I Can’t Do a Thing

I Can’t Do a Thing

From Chicken Soup for the Soul: Stories of Faith

I Can’t Do a Thing

Wilma poured the puréed mixture of chicken and vegetables into a bowl, then touched a spoonful to her lips, testing the temperature for her sister, Adah. Adah had lived with Wilma and her husband for several years before her paralysis began. It first appeared as only a slight slowing of Adah’s movements when she lifted a fork to her mouth. Then the day came when she couldn’t push herself up from the table. The next morning she fell as she got out of bed.

Wilma made a doctor’s appointment immediately, and a wearying round to specialists began. Finally, they received the dreaded diagnosis. Adah had super-progressive nuclear palsy—a mean cousin to Parkinson’s disease that would gradually stiffen her muscles and paralyze her.

The next couple of years passed far too quickly, each month bringing more debilitation, until Adah’s condition forced her to a walker, then a wheelchair and finally to bed. Adah’s nieces and nephews remembered how they used to have trouble keeping up with this active woman when she escorted them to town. They missed her lessons in family history given as she mended their blue jeans or embroidered pillowcases for their weddings. Now her hands lay twisted and still upon the quilt covering her frail body. The change was so painful for many of the relatives, they stopped coming by, choosing instead to send another card that Wilma taped to the wall above Adah’s railed bed.

Wilma, only two years younger and not in the best of health herself, took care of Adah—bathing her, turning her, feeding her, and trying to rub the achy pain out of a tired body that only vaguely resembled the woman her sister had once been.

One day had been particularly difficult when Adah managed to whisper apologetically, “I can’t do a thing.” Wilma patted her arm, fighting back tears as she said a silent prayer: “Lord, give me something encouraging to say.”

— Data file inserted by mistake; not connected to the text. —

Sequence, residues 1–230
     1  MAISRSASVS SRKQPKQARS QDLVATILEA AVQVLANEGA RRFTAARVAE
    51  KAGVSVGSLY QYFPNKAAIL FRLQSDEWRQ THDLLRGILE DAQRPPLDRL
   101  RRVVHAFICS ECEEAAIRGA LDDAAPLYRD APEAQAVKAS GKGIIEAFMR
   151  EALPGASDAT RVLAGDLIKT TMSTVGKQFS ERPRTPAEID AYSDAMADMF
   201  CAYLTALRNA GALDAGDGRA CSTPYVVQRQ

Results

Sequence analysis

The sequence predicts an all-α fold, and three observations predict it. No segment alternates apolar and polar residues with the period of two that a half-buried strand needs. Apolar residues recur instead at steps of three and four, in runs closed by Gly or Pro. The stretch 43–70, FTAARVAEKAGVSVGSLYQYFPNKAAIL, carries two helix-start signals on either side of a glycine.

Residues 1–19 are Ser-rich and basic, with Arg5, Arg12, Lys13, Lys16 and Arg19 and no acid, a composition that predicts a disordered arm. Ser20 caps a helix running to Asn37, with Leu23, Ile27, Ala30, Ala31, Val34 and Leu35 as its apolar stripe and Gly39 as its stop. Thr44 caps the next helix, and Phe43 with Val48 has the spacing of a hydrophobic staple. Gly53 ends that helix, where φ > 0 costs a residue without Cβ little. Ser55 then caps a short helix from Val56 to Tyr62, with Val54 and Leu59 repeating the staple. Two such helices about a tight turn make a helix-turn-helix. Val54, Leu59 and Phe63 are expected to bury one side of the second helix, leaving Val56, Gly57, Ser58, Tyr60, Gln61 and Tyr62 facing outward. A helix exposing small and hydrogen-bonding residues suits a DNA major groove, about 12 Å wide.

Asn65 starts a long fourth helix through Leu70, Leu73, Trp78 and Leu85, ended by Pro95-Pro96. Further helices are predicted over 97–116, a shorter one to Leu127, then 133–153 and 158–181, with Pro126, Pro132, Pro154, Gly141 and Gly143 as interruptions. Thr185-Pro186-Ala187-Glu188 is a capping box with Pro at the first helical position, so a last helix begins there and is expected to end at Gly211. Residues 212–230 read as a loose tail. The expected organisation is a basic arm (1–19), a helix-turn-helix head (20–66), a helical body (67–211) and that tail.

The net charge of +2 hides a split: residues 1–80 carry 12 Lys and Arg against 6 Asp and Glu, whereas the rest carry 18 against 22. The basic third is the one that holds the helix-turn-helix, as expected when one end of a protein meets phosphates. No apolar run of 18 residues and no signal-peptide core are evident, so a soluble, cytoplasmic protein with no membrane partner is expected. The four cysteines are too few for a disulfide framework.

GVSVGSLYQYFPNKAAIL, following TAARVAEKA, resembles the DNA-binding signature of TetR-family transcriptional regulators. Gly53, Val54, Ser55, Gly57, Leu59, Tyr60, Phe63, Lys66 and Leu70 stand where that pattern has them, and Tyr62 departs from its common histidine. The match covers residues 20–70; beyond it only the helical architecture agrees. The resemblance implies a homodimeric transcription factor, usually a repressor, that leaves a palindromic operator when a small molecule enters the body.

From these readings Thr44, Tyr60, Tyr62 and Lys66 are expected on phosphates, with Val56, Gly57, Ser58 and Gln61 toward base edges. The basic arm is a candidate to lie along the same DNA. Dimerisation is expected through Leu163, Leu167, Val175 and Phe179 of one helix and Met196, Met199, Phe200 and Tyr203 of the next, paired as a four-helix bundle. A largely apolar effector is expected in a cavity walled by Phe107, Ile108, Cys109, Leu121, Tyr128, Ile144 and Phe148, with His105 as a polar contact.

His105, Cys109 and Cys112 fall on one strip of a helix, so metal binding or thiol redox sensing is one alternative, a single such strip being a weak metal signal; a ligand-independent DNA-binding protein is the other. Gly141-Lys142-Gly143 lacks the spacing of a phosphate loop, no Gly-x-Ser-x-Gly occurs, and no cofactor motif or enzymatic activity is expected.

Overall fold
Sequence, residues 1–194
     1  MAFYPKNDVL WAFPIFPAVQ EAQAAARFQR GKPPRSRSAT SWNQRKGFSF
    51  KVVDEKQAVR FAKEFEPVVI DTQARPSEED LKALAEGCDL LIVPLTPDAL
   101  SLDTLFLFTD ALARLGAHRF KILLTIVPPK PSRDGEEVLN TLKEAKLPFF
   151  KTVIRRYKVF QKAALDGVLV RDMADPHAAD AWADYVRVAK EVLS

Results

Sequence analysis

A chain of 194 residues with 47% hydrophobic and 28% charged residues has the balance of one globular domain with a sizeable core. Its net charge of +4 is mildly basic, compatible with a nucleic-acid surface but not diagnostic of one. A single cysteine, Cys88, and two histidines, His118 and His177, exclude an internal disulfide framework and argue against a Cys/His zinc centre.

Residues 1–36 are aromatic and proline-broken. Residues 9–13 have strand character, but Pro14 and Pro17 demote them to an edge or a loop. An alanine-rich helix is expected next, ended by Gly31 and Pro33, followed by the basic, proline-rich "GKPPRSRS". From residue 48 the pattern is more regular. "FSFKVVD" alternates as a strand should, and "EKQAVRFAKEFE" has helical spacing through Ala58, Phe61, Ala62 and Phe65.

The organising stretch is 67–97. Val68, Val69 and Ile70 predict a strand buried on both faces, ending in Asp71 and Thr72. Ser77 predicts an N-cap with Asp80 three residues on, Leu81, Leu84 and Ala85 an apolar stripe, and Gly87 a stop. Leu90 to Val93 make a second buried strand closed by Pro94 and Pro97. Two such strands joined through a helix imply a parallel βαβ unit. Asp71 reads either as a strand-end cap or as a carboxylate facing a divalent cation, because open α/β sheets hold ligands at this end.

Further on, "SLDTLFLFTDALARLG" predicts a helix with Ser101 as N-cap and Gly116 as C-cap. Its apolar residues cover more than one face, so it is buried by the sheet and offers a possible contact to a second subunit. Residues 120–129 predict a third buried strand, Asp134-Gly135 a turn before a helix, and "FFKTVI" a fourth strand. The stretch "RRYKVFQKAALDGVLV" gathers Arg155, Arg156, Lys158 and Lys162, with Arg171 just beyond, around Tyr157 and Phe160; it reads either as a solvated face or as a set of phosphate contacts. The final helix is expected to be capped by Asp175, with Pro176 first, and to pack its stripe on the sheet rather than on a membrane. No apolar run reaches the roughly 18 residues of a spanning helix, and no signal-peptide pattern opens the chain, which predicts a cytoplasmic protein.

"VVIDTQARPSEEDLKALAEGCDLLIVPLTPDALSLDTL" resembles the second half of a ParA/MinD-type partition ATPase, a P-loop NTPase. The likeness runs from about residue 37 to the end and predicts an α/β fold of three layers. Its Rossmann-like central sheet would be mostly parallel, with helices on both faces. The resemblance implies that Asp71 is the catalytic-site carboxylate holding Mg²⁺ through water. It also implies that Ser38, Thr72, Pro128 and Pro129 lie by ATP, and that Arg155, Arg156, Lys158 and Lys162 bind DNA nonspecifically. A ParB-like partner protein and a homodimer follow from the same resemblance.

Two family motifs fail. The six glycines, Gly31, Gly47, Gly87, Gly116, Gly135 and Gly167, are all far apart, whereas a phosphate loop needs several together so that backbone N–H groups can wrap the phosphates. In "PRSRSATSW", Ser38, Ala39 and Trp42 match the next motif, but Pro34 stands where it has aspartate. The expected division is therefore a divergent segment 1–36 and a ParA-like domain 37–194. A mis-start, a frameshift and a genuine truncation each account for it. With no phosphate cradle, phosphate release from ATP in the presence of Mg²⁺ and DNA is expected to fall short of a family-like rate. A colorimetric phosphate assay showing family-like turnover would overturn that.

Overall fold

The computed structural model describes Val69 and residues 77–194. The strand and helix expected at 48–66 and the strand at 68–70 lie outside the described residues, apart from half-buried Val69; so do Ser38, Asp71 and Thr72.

The answer came in a sudden brainstorm. “Adah, you can still pray,” Wilma said. “Goodness knows the family needs plenty of that. Thea and the children left this morning for a long drive. Will you pray for them?”

Adah smiled and whispered, “I will.”

During the next several weeks, each time Wilma received word of a particular need, she passed it along to her sister. When a neighbor mentioned his brother was facing a series of complicated medical tests, Wilma assured him of her prayers. Then she added, “And I’ll tell Adah, too. She’ll pray the whole time he’s in the hospital.”

A few days later the elated neighbor called. The doctors had decided his brother’s problem could be controlled with medication. Surgery wouldn’t be necessary after all.

When one of the men at church lost his job because the small company where he’d worked for twelve years closed, Wilma told Adah. The man found work the next month.

Gradually, folks began to hear about Adah’s constant prayers and started calling with requests. Sometimes a worried mother called about an ill child; sometimes a child called about an ailing pet. Once a gruff husband called, clearing his throat several times before finally saying that well, yes, he, uh, had heard that Adah was a praying woman. Would she, uh, pray for his marriage?

Sometimes Adah’s family wondered aloud how those prayers affected Adah herself. They couldn’t help but notice that even in the midst of her pain, she possessed a graciousness and peace not expected from one so bound to a disease-captured body. Perhaps her concentration on others pulled her thoughts away from her own situation. Perhaps her constant prayerfulness wrapped her in God’s grace.

Day after day the requests came, and day after day Adah whispered her prayers. The time came, though, when her voice faded totally. When she didn’t whisper her usual morning greeting, Wilma pulled the bed rail down to comfort her sister with a hug. Then she said, “Adah, even if you pray only in your mind, the Lord hears you.” Adah nodded.

Then one morning as Wilma relayed yet another prayer request, Adah only stared at her, unable to nod her acknowledgment. Wilma silently prayed for her sister’s suffering, then patted her on the arm. “That’s okay, Adah, honey. You just blink your eyes to answer me; one blink will mean yes, two blinks will mean no. Now, do you understand that Josie called to ask you to pray about moving her widowed mother?”

Adah blinked once. Yes, she understood.

That was the beginning of Adah’s third and final year, still praying for others, until God released her.

Today, relatives are grateful that she is free after years of painful paralysis, yet they miss her still. They know Adah’s prayers lifted their pain—and Adah straight to heaven.

~Sandra Picklesimer Aldrich

Chicken Soup for the Caregiver’s Soul

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